By the way, can you refer me to a person on how to go about my blog? I suspect my blog is being hacked. It was okey yesterday. I sent email to all my classmates in Express Yourself Seminar and informed them of my new blogsite. I also wrote some comments on Quezon’s blog with my email and blogsite filled-up as required. Now, I can only open my blogsite but I can’t post, edit or write anything as there is a message that pops up saying the internet explorer is having a problem, then the webpage was gone. I can’t even go to blogger.com/start to register a new blog. However, I can open any other blog but mine.

Thanks RM.

7:20 PM  
Blogger meinardus said...

thanks for your comment. i cherish your opinion, and also like your reference to dialectics: for every action there must be a reaction; where the is one opinion, there will always be a different view. the beauty of liberal democracy is that these differences are settled in a constitutional manner. as to your technical blogging problems: i know of one who can certainly help you, he is abe olandres! greetings and hope to hear more from you soon.

1:05 PM  
Blogger rios del prado said...

Thanks for the info RM, the following are additional views and comments on charter change. i find the topic very relevant and timely so i am taking this opportunity to talk about it. let's keep in touch.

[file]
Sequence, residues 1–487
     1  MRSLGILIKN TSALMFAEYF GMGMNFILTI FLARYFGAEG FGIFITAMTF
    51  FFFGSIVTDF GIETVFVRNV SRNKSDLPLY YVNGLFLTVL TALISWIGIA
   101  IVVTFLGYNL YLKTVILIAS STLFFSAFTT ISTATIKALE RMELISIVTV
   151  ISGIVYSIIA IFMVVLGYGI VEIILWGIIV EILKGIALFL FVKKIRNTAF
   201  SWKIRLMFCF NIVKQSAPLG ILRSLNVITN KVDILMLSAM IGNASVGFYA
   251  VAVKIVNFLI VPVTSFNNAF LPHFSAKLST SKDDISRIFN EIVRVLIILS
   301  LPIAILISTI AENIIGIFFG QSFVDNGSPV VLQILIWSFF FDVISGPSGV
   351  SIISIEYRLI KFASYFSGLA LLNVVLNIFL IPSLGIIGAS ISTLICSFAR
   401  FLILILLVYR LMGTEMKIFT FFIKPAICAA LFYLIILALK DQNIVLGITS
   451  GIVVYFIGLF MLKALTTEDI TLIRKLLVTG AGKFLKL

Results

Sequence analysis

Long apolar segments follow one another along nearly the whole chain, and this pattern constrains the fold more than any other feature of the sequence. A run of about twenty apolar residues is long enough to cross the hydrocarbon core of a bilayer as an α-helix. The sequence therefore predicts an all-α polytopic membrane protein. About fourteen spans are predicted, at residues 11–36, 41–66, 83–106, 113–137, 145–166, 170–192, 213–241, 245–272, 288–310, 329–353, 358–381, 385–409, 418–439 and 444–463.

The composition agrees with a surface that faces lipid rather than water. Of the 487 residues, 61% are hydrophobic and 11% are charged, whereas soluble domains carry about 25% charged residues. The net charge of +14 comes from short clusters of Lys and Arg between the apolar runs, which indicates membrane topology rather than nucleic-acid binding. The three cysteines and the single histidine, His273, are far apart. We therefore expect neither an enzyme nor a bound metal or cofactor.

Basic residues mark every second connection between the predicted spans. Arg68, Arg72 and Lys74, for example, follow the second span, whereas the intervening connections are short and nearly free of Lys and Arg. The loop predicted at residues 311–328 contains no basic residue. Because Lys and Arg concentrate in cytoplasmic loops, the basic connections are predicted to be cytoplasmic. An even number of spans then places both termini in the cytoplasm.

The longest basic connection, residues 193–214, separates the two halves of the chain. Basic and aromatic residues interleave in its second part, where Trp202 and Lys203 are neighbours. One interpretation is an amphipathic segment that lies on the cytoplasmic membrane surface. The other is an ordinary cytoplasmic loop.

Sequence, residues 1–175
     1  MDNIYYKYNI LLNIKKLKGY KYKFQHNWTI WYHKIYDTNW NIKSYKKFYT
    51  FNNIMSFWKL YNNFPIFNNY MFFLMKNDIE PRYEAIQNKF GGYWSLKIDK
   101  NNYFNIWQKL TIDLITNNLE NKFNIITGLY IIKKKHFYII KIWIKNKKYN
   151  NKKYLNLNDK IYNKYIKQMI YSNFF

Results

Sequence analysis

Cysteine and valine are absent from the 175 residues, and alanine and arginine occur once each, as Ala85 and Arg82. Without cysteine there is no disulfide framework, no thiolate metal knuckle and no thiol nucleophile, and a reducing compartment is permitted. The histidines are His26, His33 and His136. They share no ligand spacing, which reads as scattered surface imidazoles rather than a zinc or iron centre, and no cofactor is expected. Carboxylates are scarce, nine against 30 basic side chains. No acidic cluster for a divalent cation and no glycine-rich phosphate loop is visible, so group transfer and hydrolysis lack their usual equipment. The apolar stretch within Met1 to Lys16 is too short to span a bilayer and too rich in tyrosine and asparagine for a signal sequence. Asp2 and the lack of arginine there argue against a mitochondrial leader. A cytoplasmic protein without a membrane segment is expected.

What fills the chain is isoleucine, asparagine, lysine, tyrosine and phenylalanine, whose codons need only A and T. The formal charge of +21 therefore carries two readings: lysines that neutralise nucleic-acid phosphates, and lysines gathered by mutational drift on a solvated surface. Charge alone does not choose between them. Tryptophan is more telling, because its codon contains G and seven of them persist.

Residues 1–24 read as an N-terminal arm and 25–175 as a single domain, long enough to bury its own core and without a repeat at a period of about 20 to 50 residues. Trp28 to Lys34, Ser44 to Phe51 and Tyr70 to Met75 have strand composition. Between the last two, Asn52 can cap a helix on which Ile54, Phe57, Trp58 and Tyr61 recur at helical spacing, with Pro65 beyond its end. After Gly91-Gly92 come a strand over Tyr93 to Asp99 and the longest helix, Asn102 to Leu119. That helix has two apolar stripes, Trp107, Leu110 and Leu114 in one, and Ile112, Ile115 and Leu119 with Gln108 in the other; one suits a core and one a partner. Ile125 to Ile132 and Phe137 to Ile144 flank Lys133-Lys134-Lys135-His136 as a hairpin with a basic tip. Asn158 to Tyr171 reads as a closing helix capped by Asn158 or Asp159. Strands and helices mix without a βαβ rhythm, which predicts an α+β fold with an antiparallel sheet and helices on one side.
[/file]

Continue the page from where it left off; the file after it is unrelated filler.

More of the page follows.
It’s very clear now that the congressmen who keep on nagging and banging the Senate for not approving their road conversion bills have managed to shoot two birds in one stone. They are blaming the Senate for its inaction on their proposed bills and that our country does not need the Senate anymore because of the delays. Thus, the unicameral is the right system for us thereby the need to amend, rewrite or revise our Constitution is indeed imperative according to thesehonorable (sic) members of Congress.

How in heaven’s name the Senate would approve proposed bills like the mountainous barangay roads to be converted into a national road? Barangay and sitio roads leading to farmlands to be considered a national road? Barangay roads whose dwellers count to less than a thousand people with no major seaports, airports, ferry terminals, and tourist destinations to brag about be converted into a national road?

Here in Metro Manila even the busy Mayon St., which borders Manila and Quezon City, is not a national road. There are hundreds of roads more in Metro Manila with over 5,000 in population are still classified only as city or barangay roads because these are not meritorious enough to become a national road.

Most, if not all of these congressmen are proponents of charter change and they are chanting the unicameral-federal system as the most fitting form of government for us. Yet, they are asking that their roads be converted into a national road. What federalism they are talking about? Why? Is it because the national government would provide a five percent allocation from the total road maintenance fund to be set aside for the maintenance of local roads? Is there a so-called SOP available for grab then? Is the current pork barrel still not enough? Just asking.

5:31 PM  
Blogger meinardus said...

... you know better than i do about the preferences of philippine congressmen and women. i only know that in the end of the day politics should transcend the level of the character of a road. by the way, i know many philippine politicians who would agree with me.

12:11 AM